Also strikingly well-composed but not so gentle is Robert Eggers’ accomplished debut The Witch. Bowing at Sundance earlier this year, snapping up distribution in a heartbeat and receiving subsequent festival acclaim along the way, Eggers’ horror is intensely unsettling precisely due to his assured command of form; jump-scares are a moot gimmick when one knows just how to utilise all the elements to spook an audience proper. Jarin Blashcke’s cinematography renders the woodland setting – where Puritan patriarch William (Ralph Ineson) and his wife Katherine (Kate Dickie) abscond with their family – as a nature that is sinister by default, whether by dusk, moonlight or flickering camp-fire. Inoffensive animals are enemies-in-waiting.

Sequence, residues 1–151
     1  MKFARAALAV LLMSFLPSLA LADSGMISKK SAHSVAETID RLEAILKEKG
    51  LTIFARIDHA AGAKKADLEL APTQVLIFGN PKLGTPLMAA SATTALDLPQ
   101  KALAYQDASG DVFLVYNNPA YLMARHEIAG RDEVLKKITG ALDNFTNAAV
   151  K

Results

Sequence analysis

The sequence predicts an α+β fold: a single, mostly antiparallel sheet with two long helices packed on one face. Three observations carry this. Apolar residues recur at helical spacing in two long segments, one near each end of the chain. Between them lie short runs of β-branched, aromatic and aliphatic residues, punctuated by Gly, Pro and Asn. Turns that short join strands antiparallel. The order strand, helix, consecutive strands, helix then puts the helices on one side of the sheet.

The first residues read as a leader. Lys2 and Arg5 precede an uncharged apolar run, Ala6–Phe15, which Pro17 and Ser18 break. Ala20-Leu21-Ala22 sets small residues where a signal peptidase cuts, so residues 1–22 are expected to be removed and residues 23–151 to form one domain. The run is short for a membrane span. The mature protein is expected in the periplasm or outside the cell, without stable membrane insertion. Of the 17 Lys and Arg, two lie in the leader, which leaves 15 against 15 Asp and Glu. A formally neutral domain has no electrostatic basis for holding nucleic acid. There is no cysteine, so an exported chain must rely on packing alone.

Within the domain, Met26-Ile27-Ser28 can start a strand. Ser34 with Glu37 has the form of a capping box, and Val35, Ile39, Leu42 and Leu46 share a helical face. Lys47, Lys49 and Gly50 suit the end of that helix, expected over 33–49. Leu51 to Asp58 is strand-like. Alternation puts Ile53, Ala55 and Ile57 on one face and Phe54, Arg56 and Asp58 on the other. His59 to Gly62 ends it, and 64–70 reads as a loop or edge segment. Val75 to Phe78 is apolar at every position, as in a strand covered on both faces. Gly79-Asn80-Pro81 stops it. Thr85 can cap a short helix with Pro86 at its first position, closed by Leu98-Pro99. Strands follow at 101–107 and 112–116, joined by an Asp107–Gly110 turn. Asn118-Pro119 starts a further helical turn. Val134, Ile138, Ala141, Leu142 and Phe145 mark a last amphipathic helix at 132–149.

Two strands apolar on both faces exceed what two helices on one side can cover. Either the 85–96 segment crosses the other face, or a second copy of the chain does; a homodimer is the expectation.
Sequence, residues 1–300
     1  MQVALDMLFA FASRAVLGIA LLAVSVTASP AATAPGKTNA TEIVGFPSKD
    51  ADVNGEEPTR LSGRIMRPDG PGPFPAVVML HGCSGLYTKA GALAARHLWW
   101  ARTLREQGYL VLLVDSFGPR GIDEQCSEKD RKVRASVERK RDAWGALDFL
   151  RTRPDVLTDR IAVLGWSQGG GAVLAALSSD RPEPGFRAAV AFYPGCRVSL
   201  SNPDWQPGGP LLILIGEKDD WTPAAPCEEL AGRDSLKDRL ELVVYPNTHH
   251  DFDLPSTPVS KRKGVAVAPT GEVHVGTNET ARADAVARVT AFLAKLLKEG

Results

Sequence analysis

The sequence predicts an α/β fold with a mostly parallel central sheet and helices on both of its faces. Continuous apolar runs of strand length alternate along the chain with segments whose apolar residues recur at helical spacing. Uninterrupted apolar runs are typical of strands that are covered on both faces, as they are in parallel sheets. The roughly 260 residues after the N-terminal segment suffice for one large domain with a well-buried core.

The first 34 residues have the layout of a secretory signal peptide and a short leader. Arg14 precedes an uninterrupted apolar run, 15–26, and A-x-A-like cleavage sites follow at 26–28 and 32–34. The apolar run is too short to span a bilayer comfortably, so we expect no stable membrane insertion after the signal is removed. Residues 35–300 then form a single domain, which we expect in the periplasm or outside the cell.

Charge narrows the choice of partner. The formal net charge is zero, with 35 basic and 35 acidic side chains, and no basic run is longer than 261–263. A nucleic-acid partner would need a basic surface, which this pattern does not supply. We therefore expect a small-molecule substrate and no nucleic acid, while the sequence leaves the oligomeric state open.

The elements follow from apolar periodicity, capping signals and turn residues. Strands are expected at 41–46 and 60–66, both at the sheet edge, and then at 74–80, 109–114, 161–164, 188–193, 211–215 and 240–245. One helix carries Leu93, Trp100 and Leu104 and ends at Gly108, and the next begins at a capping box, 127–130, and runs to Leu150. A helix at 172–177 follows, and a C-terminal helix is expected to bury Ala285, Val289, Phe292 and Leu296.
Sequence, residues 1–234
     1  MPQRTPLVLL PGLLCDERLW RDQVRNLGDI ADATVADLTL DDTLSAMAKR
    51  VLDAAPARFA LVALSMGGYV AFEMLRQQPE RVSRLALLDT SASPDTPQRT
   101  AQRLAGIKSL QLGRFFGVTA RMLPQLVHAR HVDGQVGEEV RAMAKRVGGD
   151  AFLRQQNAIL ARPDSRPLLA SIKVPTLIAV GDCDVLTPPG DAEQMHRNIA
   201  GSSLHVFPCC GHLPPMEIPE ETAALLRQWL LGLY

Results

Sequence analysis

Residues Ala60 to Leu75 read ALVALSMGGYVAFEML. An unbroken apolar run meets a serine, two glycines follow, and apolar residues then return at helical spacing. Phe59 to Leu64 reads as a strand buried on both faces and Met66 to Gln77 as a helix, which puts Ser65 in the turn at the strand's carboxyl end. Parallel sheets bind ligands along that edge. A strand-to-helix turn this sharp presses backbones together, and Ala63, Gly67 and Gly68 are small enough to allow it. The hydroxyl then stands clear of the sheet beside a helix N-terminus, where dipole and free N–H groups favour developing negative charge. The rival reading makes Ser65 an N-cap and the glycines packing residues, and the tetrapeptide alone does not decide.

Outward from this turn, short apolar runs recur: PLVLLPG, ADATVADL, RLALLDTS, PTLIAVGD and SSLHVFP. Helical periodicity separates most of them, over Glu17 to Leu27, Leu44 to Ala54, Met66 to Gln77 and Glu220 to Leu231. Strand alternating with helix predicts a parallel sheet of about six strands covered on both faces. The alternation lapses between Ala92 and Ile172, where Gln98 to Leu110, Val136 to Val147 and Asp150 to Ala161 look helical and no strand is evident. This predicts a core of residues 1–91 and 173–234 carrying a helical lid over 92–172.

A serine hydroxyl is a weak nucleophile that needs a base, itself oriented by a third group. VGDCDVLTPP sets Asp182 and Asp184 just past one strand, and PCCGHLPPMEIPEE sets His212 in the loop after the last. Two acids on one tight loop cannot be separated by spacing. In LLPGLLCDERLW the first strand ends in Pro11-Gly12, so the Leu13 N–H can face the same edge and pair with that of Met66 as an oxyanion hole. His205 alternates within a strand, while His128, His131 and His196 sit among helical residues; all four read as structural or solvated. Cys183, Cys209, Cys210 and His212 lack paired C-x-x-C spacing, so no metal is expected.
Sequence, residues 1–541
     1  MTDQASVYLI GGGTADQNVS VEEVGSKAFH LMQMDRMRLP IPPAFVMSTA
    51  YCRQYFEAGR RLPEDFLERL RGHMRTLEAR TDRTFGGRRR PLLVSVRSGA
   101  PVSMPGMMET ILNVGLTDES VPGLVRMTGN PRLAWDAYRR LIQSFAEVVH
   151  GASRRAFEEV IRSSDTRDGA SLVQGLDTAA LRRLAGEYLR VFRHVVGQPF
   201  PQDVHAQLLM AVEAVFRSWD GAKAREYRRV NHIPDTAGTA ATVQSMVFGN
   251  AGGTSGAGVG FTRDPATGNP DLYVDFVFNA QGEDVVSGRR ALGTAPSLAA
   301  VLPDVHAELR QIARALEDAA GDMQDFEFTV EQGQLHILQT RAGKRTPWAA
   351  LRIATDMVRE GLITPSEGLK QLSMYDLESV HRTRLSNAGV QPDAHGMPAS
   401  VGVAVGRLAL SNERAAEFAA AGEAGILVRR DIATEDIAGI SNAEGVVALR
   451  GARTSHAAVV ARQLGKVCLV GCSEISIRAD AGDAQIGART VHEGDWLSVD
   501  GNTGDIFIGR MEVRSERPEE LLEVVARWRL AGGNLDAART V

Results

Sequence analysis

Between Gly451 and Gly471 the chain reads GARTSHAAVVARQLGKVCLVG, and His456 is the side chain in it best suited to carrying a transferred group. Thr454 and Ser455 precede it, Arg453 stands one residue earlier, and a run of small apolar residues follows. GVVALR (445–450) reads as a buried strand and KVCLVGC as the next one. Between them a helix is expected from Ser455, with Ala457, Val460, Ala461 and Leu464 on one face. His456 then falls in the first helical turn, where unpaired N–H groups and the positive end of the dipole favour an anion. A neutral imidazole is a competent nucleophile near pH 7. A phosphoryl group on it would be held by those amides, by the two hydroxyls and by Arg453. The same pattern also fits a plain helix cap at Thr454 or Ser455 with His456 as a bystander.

There is a witch in the woods, somewhere, but the family insist on looking inward at daughter Thomasin, who responds with increasing vexation. Played by an impressive Ana Taylor-Joy in her first full film role, Thomasin is the focal point of an inquisition that feels like a microcosm of the witch trials that occurred around the film’s 17th century setting. And like those same occurrences, the hysteria here is amalgamated from a sense of resentment, bitterness and pride within the family unit, proving once again that truly toe-curling horror is rooted in the real. Taylor Joy’s performance is a standout; you never know quite what those big eyes are thinking, or whether, in spite of their lunacy, her parents may have cottoned on to something.